NIS’s latest Vita release is Operation Abyss: New Tokyo Legacy. That’s quite a mouthful, but so is the game genre it falls under. Here’s our review.
Operation Abyss: New Tokyo Legacy classifies as a “sci-fi dungeon crawler RPG”, thus easily making it the first of its kind that we do a review for. However – while a very specific subgenre, there are plenty of familiar features to be found. Dungeon crawling is something made famous by Dungeon Master on the Atari ST in the late eighties, and recently saw a bit of a revival with the excellent Legend of Grimrock games.
What Operation Abyss does differently, aside from the sci-fi theme, is that the basic gameplay involves more than just dungeon crawling – something best done while drawing maps on a piece of paper as you try to get through said dungeon. In Operation Abyss, you take control of a team of six youngsters called the Xth Squad – on a mission to discover the secrets behind several mysterious portals that have opened up (and lead to a dimension called…. the Abyss).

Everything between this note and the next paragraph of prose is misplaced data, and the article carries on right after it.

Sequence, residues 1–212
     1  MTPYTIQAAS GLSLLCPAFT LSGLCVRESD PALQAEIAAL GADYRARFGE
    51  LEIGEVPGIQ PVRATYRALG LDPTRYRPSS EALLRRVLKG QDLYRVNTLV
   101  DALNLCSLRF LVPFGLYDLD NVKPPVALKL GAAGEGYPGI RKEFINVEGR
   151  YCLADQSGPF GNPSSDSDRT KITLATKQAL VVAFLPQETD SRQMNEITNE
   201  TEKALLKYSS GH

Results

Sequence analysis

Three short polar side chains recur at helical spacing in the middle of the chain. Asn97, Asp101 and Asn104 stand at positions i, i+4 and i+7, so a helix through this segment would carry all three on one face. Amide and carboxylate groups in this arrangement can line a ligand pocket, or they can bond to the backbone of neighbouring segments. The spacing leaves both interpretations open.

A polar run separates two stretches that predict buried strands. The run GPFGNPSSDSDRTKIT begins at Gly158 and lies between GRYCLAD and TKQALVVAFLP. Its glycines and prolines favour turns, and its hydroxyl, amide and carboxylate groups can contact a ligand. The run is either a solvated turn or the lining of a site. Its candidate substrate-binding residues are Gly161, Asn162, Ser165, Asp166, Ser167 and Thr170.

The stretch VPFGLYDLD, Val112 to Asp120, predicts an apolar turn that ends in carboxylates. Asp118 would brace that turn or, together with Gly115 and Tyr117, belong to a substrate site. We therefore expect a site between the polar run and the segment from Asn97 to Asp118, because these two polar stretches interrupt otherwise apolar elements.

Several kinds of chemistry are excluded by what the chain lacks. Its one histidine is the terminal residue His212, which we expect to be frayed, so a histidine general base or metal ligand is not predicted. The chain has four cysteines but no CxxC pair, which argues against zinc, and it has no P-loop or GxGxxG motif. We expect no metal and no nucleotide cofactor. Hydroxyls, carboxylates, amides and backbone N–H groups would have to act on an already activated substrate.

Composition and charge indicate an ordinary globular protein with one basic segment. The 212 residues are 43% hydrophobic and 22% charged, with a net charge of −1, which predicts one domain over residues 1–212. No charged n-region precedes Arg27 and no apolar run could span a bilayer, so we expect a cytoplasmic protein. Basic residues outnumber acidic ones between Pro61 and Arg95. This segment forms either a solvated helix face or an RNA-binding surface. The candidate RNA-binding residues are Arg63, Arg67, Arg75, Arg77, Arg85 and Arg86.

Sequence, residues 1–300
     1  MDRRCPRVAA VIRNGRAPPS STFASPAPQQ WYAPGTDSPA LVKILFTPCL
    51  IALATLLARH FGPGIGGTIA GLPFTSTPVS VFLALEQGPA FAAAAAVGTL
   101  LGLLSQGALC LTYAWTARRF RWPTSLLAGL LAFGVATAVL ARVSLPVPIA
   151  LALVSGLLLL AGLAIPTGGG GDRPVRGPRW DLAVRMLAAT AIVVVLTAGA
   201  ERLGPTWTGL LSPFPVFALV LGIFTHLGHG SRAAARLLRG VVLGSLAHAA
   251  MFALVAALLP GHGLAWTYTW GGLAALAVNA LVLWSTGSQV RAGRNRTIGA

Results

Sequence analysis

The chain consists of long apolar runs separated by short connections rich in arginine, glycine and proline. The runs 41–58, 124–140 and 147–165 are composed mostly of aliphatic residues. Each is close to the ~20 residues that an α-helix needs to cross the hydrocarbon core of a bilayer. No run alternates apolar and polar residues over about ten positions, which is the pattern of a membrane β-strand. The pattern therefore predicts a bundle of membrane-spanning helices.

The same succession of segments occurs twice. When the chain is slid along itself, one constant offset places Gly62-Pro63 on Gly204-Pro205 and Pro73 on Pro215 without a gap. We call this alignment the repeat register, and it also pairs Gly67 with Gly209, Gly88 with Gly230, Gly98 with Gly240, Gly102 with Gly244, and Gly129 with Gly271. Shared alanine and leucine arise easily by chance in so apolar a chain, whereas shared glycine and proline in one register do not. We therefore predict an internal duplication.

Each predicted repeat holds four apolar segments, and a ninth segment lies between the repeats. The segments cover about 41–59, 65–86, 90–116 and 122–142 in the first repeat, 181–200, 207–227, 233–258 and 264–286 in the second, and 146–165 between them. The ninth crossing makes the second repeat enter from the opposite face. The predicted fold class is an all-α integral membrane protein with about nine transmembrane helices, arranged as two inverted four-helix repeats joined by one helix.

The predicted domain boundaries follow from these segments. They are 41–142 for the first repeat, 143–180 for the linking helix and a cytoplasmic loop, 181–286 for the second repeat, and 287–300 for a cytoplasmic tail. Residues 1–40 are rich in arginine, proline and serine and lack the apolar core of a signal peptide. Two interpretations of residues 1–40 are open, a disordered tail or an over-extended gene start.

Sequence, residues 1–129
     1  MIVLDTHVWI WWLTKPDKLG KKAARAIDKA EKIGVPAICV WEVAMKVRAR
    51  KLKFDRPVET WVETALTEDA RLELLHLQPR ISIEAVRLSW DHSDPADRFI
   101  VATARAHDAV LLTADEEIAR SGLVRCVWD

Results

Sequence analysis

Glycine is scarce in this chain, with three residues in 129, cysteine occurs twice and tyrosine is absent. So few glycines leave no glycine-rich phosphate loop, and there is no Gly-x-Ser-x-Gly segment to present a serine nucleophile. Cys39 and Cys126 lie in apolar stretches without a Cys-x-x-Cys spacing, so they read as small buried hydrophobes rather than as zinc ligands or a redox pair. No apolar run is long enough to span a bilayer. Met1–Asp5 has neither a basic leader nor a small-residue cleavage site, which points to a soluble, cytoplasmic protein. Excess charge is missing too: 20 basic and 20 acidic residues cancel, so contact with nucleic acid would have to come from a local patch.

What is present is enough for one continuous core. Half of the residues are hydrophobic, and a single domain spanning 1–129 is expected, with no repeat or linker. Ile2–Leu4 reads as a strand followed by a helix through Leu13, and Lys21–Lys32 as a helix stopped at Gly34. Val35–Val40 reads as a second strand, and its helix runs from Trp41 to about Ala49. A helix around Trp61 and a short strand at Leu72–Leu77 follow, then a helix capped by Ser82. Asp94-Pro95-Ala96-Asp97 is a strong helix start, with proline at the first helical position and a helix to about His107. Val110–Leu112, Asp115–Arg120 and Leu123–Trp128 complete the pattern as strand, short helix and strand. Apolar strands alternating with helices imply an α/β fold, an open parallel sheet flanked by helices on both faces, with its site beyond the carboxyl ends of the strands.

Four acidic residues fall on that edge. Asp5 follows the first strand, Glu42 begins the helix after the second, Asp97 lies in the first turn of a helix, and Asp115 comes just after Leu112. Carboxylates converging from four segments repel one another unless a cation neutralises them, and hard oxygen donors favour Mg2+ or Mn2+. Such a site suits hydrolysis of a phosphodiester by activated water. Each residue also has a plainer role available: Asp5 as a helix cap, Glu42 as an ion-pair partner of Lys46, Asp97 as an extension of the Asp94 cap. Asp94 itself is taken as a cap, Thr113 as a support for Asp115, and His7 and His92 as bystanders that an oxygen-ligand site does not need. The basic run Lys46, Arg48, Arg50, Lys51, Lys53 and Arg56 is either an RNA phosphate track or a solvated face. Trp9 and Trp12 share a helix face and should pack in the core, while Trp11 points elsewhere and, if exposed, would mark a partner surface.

On your quest, you will have to traverse a multitude of labyrinths and will face off with a variety of enemies called the Variants. Combat takes place in the form of a turn-based battle very similar to that seen in many JRPG games, with several small twists that make things interesting, such as cooperative attacks using several members of your team at once.
As the term “sci-fi dungeon crawler RPG” indicates, Operation Abyss: New Tokyo Legacy tries to be a lot of things at once. That’s ambitious and commendable, but also its main flaw. The game features a lot of familiar aspects from various game genres, but doesn’t excel at or innovate any of them. For those who are not die-hard fans of the aforementioned genres, the multitude of stats and menus can also discourage them from playing.
However, if you’re interested in dungeon crawlers or JRPGs, then NIS’s latest Vita game is a competent and well done adventure. It won’t blow you away, but offers a lengthy challenge for those who appreciate games of this type – presented within an interesting sci-fi setting.